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dc.contributor.supervisor Istay, Irene Huxley, Treena University of Lethbridge. Faculty of Education 2010-03-29T19:35:43Z 2010-03-29T19:35:43Z 2008
dc.description vii, 92 leaves ; 28 cm. -- en
dc.description.abstract An investigation on the impact of early attachment on middle childhood in children diagnosed with autism and how it relates to self regulation is necessary to better understand how counselors and psychologists can support the child and caregivers in family-centered practice. Subjects were recruited through an advertisement placed in Autism Calgary Association's newsletter. An investigation of children diagnosed with autism's ability to regulate emotional and physiological states and attachment behavior was made through caregiver response instruments. The Strength and Difficulties Questionnaire and the SAP-REPORT FORM: Language Partner Stage from the SCERTS model of intervention was used for this investigation. Results indicate that there was no relationship between a child having a diagnosis of Autistic disorder, Asperger's disorder, or Pervasive Developmental Disorder-not otherwise specified and the strategies that are used to regulate emotional and physiological states when faced with anger or anxiety. Additionally, pro social behavior is not an indicator of whether the child will seek help from a caregiver for regulation or make use of repetitive behaviors to support regulation. Further investigation is necessary to examine whether attachment-based interventions may be used as a means to aid a child diagnosed with autism in using different strategies to co-regulate or self-soothe in times of stress. en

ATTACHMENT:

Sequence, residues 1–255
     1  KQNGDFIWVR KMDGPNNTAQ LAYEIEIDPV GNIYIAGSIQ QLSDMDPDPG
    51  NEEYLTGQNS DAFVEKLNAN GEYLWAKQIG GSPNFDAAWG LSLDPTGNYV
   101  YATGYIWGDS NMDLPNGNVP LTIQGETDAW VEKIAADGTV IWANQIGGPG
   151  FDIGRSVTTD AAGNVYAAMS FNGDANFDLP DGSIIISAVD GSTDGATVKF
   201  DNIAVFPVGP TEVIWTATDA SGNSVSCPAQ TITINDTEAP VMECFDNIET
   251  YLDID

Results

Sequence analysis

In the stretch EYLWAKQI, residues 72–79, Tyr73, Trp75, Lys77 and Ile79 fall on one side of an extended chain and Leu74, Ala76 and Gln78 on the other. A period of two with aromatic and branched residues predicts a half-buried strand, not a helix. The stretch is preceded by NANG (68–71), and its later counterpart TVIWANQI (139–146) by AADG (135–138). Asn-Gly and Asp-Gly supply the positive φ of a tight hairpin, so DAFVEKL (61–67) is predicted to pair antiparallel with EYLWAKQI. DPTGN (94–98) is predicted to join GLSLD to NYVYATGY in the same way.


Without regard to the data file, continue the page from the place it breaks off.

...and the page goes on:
dc.language.iso en_US en
dc.publisher Lethbridge, Alta. : University of Lethbridge, Faculty of Education, 2008 en
dc.relation.ispartofseries Project (University of Lethbridge. Faculty of Education) en
dc.subject Autistic children -- Behavior modification en
dc.subject Autism in children en
dc.title Self regulation in children with autism en
dc.type Thesis en
dc.publisher.faculty Education en

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